Hanna Stahle has curated an art collection for the Swedish Agency for Economic and Regional Growth’s office in Stockholm. The collection comprises some 40 artworks in techniques ranging from sculpture to embroidery. Hanna has selected works that are suitable for the newly renovated premises, an environment with an eye-catching identity created by the interior architect. She describes the collection:
“My first idea was to go the whole way and create a graphically strong collection with a lot of black-and-white and a greyscale. The conditions for this were very favourable in these newly renovated, light and elegant spaces. Most artworks do, of course, look their best in a pared-down environment, and for some works this is absolutely essential. It pleases me to have been able to install some very fine works here, where they will receive the attention they deserve.”
The Swedish Agency for Economic and Regional Growth’s premises on three floors consist of open-plan workplaces. The ground floor is dedicated to a reception area and several conference and meeting rooms. On the two upper floors, there are individual workplaces featuring everything from lounge-like sofa environments to more classical office landscapes. The interior design is varied in terms of colour schemes and furniture, perhaps with the idea of creating a playful environment that induces creativity. The interior design has been both a challenge and an asset: meeting and conference rooms are often highly suitable for art, but in this case the walls are dominated by photo wallpaper. For this reason Hanna explored other locations for the artworks, which resulted in a creative and dynamic hanging.
The building is elongated and features two long, parallel corridors on each floor. On one side of the corridors smaller reception rooms and individual workplaces are screened off by glass sections, and the other side, which faces the interior of the building, is composed of walls with niches. In these niches, which face the smaller reception rooms, Hanna has installed the majority of the artworks, as they are visible for passers-by as well as through the glass sections for the people working in the spaces.
The works that have been installed in the spaces communicate with one another as well as with the environment and the rooms in which they are placed. In the reception area on the ground floor, there is an intricate ceramic sculpture by Karin Jaxelius, which, with its growing structure, harmonises with Catrin Andersson’s two works whose charcoal lines spread out in a similar organic manner across the paper, while the blue tones of the walls are reflected in the glazing of the ceramic sculpture, which fluctuates in grey-white with light blue features.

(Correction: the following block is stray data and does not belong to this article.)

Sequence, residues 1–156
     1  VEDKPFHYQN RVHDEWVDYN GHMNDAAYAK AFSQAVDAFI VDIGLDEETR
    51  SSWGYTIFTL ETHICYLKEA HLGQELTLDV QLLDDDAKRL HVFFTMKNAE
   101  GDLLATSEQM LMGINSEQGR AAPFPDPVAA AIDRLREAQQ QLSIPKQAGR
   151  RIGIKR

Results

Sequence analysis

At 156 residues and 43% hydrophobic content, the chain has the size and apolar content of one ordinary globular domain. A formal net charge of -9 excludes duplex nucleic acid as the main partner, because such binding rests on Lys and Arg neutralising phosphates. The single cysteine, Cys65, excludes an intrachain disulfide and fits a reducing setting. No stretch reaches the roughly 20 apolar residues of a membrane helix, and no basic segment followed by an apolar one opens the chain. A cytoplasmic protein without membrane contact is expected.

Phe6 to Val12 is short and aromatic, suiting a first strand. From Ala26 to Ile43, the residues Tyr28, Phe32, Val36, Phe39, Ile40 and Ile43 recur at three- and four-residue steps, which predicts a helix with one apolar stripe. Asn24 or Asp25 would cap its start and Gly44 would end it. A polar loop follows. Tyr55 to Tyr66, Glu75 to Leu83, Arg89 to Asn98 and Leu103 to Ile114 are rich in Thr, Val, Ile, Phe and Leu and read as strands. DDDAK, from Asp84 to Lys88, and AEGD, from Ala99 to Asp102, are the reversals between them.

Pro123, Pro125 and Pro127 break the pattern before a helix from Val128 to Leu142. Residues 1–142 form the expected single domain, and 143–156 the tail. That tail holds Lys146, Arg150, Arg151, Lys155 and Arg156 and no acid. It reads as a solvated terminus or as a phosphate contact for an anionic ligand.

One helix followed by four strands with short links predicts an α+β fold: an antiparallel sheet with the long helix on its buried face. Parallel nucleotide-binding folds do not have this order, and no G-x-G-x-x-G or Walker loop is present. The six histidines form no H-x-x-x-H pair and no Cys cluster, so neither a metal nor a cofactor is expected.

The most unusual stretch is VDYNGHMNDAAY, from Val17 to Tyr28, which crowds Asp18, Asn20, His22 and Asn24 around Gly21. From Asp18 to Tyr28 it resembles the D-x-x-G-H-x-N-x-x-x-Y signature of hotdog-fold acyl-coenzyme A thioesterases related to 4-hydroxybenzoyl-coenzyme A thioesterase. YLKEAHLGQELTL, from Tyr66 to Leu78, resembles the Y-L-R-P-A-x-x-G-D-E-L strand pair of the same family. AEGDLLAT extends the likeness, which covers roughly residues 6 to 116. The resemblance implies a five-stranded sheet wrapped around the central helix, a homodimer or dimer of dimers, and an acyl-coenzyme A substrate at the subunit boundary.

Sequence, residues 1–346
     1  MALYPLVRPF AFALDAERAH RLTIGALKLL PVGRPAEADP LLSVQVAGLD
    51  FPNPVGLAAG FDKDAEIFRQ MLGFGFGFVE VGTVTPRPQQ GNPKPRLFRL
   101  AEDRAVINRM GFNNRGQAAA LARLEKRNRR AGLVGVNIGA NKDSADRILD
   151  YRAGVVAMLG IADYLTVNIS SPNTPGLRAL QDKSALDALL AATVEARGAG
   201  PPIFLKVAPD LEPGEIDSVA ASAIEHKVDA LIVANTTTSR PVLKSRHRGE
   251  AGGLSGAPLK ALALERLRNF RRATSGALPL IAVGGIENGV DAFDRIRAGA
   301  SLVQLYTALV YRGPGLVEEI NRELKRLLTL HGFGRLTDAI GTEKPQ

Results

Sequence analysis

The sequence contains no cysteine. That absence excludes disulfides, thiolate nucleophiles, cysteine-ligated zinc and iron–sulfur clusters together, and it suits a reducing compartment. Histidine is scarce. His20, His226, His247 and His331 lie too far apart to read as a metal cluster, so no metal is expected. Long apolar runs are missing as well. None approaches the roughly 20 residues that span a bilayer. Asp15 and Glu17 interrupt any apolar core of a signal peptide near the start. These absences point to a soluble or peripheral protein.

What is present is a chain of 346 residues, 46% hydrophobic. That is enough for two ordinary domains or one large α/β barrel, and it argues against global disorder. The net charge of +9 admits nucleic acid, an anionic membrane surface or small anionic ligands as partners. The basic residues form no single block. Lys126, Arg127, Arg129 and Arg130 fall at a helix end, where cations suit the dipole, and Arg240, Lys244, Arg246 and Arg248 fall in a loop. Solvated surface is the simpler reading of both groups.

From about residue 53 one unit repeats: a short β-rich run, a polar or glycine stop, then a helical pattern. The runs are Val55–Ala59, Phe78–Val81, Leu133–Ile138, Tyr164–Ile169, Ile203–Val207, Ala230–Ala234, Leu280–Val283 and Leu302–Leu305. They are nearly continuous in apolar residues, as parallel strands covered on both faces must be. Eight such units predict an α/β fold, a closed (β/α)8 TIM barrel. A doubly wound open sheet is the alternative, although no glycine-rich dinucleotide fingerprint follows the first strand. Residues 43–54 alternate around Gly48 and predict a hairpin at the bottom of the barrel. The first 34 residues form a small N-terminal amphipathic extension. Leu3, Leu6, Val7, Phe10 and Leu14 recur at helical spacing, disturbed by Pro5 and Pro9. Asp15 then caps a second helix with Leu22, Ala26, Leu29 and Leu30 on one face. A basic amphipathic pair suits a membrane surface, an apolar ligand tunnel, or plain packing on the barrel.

For the installation of the works, Hanna has worked both with contrasting effects and hangings that harmonise with the interior architecture. A work by Lars-Olov Wiberg creates, with its rose hue, an eye-catching contrast in the green corridor, while Laris Strunke’s painting in light pastels is accentuated by the darker, grey wall on which it hangs. On the middle of the three floors, Anton Alvarez’s thread-spun The Threadwrapping Machine High Side Table has been installed in a niche facing an open meeting area in between the parallel corridors. The graphic patterns created by the black-and-white thread sections are clearly visible from a distance, and if one moves closer, one also sees the wooden structure, composed of round moulding and pieces of weed that are held together by the thread that has been spun around them thousands of times.
Hanna was also tasked with integrating and re-hanging some of the existing artworks, including two felt works belonging to Nämnden for hemslöjdsfrågor (the Commission for Handicraft), which share the facilities with the Swedish Agency for Economic and Regional Growth. One of these works was installed in a niche with a sculpture by Björn Therkelsson, with which it harmonises perfectly as both works are in dark grey hues. The surface of Therkelsson’s bronze sculpture is reminiscent of a knitted sock and the wall decoration’s felt stumps also create a pattern with textiles and sewing connotations, albeit with irregular stitches and meshes.
A common feature on the three floors is Mikael Lundberg’s Entropiserie 17 (Entropy Series 17), that appears in unexpected places. As indicated by the title, it comprises 17 parts. The parts, which were previously installed in one location in the building before it was renovated, have now been relocated, in collaboration with the artist, in various places, and function as a red thread throughout the house. Some parts are more out of the way and perhaps not immediately visible as one enters the premises, but one soon discovers them when passing through the corridors. Installing artworks in this manner creates a tension; there are new things to discover if one looks in unfamiliar directions.